As a budding entrepreneur, with tons of ideas oozing from your brain (or wherever good ideas come from) and not much capital to back them up, you have no doubt either entered or considered entering your ideas into at least one of these challenges. But the message I bring you is that you should beware of some of these start-up or innovation challenges.
A few weeks ago, we received an invitation to enter our company into the Telkom Innovation Challenge at the South African Innovation Summit. By entering a business idea or proposal, we would stand a chance of bagging R120 000 if our idea/proposal won the competition. This is all fair and fine until you take a closer look at the Terms and Conditions of this challenge, something that sadly many people don’t bother scrutinizing. If they do scrutinize the Ts & Cs, not many of them understand the legal jargon.
Anyway, back to Telkom’s Ts & Cs. There is a clause in the Ts &Cs (Appendix 2) that specifies that just by the mere act of entering your idea or proposal into this challenge, you automatically cede all Intellectual Property rights of your idea/proposal to Telkom. What this means is that whether you win, or not, you no longer have the right to use that idea, build it or sell it in the future. If you’re like me, you’re probably thinking that this is an utterly ridiculous proposition. Well, yes it is; how can someone claim full rights to your idea just because you entered some competition!! The sad reality though, is that this happens a lot around us.
If you have entered your idea into one of these challenges, how many times have you completely read and understood what you were getting into before hastily entering the competition? How many times have you thoroughly read the Ts & Cs of anything you enter into or use? Come to think of it, not many of us do. We have this inherent belief that the organizers of these challenges, or providers of the tools we use have our best interests at heart. Unfortunately for the consumer, most times, their priority is to protect themselves and make money. So, the responsibility should be on you to look out for yourself.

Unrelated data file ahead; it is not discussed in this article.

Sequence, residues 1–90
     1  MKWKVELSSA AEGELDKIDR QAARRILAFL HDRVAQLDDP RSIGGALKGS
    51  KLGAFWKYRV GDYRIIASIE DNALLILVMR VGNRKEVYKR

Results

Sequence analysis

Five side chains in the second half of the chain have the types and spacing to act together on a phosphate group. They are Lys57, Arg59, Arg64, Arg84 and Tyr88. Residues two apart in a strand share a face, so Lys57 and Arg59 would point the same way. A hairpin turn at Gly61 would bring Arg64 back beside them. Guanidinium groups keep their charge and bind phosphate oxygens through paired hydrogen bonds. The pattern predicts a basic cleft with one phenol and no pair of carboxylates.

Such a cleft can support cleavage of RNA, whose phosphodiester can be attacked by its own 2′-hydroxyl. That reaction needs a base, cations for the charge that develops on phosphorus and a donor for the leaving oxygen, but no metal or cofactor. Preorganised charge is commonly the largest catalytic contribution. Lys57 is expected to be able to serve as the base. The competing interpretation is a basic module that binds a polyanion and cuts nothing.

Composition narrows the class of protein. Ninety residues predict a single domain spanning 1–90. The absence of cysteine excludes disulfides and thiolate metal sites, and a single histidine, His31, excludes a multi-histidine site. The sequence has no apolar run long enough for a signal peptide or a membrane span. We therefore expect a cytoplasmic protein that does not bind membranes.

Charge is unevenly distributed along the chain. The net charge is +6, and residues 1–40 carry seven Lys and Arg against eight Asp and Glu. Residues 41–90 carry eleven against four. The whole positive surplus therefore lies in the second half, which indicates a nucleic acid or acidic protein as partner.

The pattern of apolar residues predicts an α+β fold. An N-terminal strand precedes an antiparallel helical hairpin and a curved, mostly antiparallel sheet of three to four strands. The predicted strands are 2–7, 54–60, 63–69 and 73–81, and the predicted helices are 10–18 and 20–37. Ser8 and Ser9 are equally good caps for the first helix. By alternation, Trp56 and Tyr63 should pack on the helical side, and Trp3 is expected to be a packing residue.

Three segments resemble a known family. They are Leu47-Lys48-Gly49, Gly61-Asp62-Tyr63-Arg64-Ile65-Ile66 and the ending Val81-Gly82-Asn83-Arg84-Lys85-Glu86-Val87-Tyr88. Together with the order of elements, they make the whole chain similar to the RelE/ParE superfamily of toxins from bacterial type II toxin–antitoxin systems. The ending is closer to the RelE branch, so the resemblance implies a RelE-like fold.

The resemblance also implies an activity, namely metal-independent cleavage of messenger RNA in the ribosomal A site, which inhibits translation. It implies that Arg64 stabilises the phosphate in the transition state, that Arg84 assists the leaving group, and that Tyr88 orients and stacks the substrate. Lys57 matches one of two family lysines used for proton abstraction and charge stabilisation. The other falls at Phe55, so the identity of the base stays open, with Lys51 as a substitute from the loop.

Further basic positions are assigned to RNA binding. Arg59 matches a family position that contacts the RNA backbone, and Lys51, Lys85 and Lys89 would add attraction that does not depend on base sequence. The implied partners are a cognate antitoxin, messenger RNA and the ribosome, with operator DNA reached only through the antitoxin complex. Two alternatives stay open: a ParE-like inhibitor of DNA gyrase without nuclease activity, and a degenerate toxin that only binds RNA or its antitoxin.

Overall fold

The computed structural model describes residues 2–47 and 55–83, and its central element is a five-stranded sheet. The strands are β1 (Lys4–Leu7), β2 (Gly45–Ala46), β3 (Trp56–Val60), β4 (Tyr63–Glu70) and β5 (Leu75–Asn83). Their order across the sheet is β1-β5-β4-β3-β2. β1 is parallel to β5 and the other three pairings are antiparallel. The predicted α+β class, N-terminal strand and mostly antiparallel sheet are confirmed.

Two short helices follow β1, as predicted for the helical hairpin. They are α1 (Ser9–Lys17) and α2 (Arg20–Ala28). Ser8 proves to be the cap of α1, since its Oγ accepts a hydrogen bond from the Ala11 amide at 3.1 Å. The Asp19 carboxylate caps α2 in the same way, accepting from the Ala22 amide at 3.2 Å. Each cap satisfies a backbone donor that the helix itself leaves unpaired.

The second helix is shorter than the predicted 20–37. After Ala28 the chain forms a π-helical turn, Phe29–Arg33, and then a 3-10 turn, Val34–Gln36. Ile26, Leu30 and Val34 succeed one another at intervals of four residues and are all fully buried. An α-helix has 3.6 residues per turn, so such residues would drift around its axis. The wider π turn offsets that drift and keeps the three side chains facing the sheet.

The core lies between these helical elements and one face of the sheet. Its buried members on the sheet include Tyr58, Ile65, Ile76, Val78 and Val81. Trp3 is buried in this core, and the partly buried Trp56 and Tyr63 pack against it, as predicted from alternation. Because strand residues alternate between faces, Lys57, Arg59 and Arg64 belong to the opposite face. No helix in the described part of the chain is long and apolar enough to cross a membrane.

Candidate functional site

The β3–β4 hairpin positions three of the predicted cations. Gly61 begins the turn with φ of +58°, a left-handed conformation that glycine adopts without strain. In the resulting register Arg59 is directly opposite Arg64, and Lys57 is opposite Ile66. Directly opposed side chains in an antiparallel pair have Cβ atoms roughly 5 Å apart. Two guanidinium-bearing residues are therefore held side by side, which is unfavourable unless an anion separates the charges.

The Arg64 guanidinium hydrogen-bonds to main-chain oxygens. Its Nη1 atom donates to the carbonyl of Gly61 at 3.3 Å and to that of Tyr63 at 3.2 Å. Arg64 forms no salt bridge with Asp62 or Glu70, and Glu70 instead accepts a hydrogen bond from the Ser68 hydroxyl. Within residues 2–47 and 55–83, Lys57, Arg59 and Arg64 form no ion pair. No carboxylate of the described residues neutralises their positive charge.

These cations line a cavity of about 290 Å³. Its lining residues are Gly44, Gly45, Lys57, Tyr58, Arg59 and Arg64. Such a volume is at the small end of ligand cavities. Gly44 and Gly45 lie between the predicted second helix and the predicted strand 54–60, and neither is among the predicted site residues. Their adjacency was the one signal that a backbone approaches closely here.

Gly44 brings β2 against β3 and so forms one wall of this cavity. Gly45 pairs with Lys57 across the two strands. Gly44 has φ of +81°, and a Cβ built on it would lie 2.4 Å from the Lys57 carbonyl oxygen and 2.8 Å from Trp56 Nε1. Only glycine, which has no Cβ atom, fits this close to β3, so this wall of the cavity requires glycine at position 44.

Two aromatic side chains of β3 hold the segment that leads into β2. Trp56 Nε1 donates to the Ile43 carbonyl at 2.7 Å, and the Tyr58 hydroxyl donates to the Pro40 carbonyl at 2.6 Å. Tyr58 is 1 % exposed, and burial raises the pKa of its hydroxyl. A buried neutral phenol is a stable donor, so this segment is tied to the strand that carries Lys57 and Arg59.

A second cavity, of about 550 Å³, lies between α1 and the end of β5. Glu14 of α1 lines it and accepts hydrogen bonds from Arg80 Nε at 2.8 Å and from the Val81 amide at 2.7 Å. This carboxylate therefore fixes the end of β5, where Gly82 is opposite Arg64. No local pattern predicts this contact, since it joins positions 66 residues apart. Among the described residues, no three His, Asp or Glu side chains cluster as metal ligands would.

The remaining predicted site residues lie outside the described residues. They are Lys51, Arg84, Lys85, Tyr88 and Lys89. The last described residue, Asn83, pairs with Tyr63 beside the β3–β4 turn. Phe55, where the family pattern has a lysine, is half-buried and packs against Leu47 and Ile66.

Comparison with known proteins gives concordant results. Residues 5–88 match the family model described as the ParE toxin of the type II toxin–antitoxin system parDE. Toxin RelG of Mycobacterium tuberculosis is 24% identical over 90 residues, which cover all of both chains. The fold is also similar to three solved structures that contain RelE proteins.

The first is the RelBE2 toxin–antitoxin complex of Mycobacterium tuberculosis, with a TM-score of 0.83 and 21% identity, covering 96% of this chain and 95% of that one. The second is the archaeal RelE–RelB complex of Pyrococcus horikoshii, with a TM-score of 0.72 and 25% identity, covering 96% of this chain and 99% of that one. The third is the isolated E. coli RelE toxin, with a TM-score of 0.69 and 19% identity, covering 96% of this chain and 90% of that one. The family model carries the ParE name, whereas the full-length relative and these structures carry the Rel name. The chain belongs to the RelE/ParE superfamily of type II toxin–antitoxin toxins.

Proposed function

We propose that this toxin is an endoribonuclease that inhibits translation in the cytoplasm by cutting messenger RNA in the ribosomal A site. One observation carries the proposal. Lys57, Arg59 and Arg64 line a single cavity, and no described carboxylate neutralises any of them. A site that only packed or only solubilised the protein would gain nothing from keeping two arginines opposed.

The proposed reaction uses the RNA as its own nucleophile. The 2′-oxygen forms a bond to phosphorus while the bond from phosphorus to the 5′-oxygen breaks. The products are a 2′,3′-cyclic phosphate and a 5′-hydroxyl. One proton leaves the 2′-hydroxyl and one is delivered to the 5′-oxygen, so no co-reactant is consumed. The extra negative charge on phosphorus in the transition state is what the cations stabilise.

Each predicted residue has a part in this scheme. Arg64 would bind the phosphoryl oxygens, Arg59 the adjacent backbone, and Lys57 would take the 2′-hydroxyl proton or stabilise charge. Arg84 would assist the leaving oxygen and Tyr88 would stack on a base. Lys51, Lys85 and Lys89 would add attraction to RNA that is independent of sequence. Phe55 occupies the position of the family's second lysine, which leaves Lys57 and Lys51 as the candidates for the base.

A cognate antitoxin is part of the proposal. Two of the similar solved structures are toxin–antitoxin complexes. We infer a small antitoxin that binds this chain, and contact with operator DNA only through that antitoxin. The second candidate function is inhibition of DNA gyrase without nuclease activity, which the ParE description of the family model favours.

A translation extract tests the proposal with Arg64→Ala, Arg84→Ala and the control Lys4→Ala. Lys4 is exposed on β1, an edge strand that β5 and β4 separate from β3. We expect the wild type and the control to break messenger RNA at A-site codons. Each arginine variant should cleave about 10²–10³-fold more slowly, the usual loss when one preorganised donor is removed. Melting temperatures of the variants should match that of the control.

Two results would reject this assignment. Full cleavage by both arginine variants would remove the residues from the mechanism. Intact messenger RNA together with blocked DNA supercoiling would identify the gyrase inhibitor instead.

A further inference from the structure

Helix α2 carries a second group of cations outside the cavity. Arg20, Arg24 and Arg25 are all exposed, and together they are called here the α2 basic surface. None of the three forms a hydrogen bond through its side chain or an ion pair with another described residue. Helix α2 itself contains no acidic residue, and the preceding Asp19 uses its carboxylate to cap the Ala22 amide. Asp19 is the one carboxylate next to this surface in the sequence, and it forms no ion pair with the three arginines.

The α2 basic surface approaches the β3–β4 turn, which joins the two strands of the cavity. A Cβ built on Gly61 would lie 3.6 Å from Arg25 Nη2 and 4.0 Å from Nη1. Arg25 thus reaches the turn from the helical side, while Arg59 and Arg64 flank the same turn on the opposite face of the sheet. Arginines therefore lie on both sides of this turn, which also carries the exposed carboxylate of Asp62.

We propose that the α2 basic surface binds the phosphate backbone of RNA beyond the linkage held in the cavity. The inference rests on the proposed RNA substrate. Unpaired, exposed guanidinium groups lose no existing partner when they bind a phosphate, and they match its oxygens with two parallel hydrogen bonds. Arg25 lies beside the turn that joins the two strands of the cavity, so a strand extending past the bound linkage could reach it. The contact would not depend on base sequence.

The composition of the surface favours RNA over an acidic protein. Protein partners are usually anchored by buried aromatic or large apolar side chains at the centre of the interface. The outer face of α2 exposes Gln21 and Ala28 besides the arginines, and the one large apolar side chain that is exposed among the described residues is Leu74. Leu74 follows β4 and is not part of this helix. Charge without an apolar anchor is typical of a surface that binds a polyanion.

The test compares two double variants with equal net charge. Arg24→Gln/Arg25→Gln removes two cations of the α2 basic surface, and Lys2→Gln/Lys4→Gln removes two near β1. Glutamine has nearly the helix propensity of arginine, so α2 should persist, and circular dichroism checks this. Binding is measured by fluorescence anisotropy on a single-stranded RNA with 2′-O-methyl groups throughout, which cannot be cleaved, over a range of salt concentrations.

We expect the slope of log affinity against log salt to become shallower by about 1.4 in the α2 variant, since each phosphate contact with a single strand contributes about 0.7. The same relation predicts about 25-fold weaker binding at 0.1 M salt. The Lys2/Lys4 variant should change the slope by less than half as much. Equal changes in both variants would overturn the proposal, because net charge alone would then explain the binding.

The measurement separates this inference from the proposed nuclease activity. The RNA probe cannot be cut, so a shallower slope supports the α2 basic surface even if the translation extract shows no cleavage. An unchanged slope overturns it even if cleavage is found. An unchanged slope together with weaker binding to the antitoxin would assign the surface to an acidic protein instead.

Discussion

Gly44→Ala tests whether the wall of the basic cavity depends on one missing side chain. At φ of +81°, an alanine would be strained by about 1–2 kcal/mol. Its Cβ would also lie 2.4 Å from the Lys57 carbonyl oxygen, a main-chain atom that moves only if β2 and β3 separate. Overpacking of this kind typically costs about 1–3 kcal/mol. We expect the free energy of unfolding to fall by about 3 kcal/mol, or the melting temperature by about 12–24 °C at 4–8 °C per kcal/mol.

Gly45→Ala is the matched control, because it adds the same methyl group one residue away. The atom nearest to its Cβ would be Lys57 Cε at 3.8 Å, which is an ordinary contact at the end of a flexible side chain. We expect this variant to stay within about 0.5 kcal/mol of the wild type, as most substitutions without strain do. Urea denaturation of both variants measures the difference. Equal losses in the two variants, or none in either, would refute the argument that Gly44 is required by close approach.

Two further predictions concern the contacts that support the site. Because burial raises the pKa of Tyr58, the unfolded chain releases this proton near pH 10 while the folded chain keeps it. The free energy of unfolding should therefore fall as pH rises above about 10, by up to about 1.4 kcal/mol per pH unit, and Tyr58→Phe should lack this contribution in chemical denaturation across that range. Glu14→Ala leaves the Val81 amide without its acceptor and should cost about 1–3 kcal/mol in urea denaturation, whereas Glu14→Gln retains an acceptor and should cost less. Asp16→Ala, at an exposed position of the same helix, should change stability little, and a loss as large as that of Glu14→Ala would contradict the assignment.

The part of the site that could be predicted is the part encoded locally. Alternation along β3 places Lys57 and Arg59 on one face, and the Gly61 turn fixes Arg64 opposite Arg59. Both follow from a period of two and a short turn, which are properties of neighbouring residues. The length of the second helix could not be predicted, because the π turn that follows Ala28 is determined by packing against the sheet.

Arthur Attwell in his blog post about this particular Telkom issue refers to this practice of setting up start-up challenges as a way of freely harvesting concepts and ideas as an IP land grab. Big corporations sometimes sponsor these innovation competitions as a way to get good ideas free of charge, and unfortunately there is not much legislation to protect the innovator in instances like these. I strongly believe this is not ethical business practice.
An alternative and ethical way would be for these big corporations to offer funding to entrepreneurs with an equity interest rather than outright stripping the entrepreneur of the idea because of a competition. Alternatively, they could agree with the entrepreneur beforehand to both have rights to use the idea or something along those lines. As long as it does not leave the innovator worse off than he/she started.
Many unsuspecting entrepreneurs have been drawn into signing away the rights to their ideas under the guise of participating in these start-up challenges. As innovators, we should be extra vigilant when it comes to free-entry innovation challenges offered by companies whose competitive advantage is that particular category the entries are being called for. There’s usually something sneaky going on behind the scenes or in the fine print.
As a parting thought, I wonder if these challenges support innovation among entrepreneurs, or instead they stifle it by dis-empowering the innovators.